--- a 10 second pause followed, and the man then said:
“Is there anyone else up there?”
“Are you really the one?” John asked. “Or is there anyone else up there? If I stake my life and eternity on you, can I count on you, or am I hollering down a dry well?”
What drove John’s question was the same thing that drives ours – fear. Trusting someone else is hard enough when it’s something little like repairing your car or fixing the garbage disposal. But having confidence in the decision of all decisions: what do I do with my soul? Well, THAT makes us fearful…or it should.
So…it comes down to this about your soul – you can ask the question John asked: is there anyone else up there? But the choice I’d recommend is you can decide to trust what Jesus has done for you and trust your eternity to Him.
It’s a leap of faith…when it comes down to it you will either believe and be saved…or you will back-pedal away from faith and be lost forever. Salvation through faith is available to anyone who asks, but it is most certainly everyone’s individual decision to make.
If you need wisdom, ask our generous God, and he will give it to you. He will not rebuke you for asking. But when you ask him, be sure that your faith is in God alone. Do not waver, for a person with divided loyalty is as unsettled as a wave of the sea that is blown and tossed by the wind. James 1:5-6(NLT)
John’s question was asked so he could stop being tossed like he was on an ocean roller coaster; Jesus gave him an answer that spoke to John’s faith, and will to us too if we’ll listen to Him, because…
Jesus answered the ones John had sent to ask his question. The answer was, go and tell John what you hear and see: the blind receive their sight, the lame walk, the lepers are cleansed, the deaf hear, the dead are raised, and the poor have good news brought to them.
John is in prison and has one simple question for Jesus: Just answer this one thing and I can die happy; Are YOU the Messiah?
And what does Jesus say…He tells the condemned man to figure it out for himself! Really great, eh?
I used to wonder why Jesus just couldn’t give his poor imprisoned cousin John a straight answer; just tell him yes or no Jesus! But we serve a God who never wastes an opportunity to increase our faith. Had Jesus just given a simple “yes” John would have been in the same spot wondering.
But, by pointing to the evidence, Jesus kept the issue of faith and personal decision in the forefront. John had to exercise his faith in Jesus or be content with unbelief.
Many years ago Brother Lawrence wrote the classic Practice of the Presence of God in which he states:
When we are in doubt, God will never fail to give light when we have no other plan than to please him and to act in love for him.[v]
Jesus’ indirect answer to John helps us understand the very same answer today because Jesus asks us the same question he asked the disciples….Who do YOU say that I am?
In other words, Jesus tells us mortals, prisoners of our own sinful nature and this lost world that our task here on earth is to consider the evidence…Jesus has done it all:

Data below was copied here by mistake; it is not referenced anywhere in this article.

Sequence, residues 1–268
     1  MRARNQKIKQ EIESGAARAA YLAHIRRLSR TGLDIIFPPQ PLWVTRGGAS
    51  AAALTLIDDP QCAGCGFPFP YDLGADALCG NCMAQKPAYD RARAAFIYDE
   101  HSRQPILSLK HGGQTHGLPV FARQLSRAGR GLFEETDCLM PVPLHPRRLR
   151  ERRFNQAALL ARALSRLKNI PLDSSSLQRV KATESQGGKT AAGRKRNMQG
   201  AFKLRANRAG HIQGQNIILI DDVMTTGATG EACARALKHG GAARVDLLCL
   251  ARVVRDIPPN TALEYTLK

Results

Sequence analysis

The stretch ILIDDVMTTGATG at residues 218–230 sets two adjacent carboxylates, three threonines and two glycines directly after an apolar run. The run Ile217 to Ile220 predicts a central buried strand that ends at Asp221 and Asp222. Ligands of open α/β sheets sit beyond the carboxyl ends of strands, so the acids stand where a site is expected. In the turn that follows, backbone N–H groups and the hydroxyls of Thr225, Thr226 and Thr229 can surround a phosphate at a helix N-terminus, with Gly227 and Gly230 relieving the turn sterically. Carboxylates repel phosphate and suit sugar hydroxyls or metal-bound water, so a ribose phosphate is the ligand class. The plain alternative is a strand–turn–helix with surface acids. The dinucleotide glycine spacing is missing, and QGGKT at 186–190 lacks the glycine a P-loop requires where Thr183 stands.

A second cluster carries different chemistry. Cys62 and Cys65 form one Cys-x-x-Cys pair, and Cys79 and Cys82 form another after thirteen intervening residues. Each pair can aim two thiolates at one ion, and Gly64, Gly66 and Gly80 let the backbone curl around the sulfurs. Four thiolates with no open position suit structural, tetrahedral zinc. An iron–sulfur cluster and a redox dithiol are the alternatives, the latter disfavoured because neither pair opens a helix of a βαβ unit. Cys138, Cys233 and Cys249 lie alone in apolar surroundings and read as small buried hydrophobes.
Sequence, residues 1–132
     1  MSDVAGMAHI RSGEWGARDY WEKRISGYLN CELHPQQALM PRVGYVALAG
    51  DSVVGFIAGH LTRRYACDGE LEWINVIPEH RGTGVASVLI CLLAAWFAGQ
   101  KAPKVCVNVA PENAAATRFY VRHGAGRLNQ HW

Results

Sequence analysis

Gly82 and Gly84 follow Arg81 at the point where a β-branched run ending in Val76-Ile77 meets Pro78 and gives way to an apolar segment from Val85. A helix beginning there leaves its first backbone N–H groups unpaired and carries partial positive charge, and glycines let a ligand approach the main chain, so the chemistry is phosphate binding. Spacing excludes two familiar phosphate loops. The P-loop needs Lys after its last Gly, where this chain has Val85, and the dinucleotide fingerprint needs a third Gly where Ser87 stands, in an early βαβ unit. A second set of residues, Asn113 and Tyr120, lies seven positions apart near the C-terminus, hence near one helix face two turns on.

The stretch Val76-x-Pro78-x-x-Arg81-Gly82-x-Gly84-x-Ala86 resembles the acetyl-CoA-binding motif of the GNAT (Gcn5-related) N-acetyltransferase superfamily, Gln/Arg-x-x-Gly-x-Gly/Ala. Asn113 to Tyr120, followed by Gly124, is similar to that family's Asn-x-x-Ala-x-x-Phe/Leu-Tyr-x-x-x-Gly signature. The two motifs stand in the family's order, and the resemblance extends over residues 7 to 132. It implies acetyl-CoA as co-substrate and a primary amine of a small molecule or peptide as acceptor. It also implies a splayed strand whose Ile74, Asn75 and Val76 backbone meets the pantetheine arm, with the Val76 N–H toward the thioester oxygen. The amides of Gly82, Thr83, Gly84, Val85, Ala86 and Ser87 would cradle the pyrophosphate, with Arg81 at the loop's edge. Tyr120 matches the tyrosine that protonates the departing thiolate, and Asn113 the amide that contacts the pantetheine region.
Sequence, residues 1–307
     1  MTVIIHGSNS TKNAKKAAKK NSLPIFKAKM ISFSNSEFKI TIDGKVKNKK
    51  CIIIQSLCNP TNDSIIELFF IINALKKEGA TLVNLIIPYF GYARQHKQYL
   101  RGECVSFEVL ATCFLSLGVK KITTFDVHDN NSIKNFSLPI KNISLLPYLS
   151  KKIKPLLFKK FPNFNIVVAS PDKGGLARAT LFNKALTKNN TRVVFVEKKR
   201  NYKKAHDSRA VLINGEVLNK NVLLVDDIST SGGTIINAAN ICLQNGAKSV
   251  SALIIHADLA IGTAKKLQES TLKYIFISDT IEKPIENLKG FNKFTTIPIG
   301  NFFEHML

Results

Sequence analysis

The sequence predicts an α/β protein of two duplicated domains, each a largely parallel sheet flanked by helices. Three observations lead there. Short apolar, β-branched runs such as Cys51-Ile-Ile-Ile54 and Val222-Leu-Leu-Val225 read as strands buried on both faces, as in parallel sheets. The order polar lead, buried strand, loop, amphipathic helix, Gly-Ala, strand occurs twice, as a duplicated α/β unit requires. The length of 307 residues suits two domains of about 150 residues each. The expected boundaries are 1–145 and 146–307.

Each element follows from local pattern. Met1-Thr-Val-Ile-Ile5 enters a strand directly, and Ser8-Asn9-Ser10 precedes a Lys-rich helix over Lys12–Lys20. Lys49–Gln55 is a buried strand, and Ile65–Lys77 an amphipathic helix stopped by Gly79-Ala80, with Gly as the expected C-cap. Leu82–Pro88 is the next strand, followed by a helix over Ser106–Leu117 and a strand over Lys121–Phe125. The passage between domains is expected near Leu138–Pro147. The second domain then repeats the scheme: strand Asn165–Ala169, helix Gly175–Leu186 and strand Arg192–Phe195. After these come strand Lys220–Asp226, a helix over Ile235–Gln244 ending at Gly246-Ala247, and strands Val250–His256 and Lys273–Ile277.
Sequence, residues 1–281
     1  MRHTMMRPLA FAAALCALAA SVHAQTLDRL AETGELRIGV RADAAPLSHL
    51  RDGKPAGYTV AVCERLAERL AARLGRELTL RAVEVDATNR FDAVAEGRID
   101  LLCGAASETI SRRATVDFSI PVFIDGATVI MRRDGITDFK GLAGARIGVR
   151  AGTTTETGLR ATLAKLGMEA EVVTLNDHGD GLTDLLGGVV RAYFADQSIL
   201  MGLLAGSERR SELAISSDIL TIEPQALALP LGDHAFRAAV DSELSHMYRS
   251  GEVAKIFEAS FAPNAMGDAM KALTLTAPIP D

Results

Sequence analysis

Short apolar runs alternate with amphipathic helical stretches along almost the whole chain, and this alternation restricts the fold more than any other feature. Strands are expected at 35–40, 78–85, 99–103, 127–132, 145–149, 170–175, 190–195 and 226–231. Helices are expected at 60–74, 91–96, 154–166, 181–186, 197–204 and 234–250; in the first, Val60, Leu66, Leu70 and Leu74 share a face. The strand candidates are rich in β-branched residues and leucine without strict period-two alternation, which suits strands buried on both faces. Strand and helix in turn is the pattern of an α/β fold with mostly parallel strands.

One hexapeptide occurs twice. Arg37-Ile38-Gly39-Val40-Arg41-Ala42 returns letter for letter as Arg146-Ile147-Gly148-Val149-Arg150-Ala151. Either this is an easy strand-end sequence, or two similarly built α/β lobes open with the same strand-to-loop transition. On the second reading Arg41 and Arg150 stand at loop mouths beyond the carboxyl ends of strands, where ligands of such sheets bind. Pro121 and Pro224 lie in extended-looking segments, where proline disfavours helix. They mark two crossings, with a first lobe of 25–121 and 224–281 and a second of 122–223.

healed the deaf,
opened the eyes of the blind,
abled the disabled
and even raised the dead…
…and by Easter morning it would be clear that his sacrifice would be the final proof that a dead man really would live again. The sacrifice would make it possible for us to know God, and to be saved from our sins.
Our task is to come close to God and experience his love just as certainly as the blind, deaf and dead felt the compassionate touch of Jesus two thousand years ago.
The Psalmist gave us the same advice:
Taste and see that the Lord is good.
Oh, the joys of those who take refuge in him! Psalm 34:8
Oh, the joys of those who take refuge in him! Psalm 34:8
And so…IS He the ONE? I mean, is He the ONE for YOU?
· Did you come here this morning because there is an emptiness in you that drove you here?
· Was there a tiredness with the things of this world that just leaves you ragged and hopeless?
· Are you wondering if it’s all true – the cross and empty tomb?
· Have you been looking to see if there’s possibly room for you at God’s table?
If you’re struggling, go ahead and ask the question:
Are you the one…or is there someone, something, some experience that’s better?
Let me assure you, you’ll get the same answer John got – He’s big enough to handle your questions, so go ahead, judge for yourself…
Is it enough that He did what He said He would…and still does what He said He’d do?
You judge; whatever you CAME here to see, our prayer is that you will not LEAVE here before having chosen to believe in Jesus Christ.
With the confidence of one who has been in your shoes I promise you that your name can be added to the countless millions who have decided to take Jesus at His word and take the leap of faith into trusting Him.
In the name of the Father, Son and Holy Spirit. Amen
[ii] Mark Axelrod, Second Thoughts About Jesus, on SermonCentral.com
[iii] Romans 1:17, Galatians 3:11, Hebrews 10:38
[iv] This Week in Preaching at The Center for Excellence in Preaching
[v] Brother Lawrence in The Practice of the Presence of God. Christianity Today, Vol. 36, no. 7.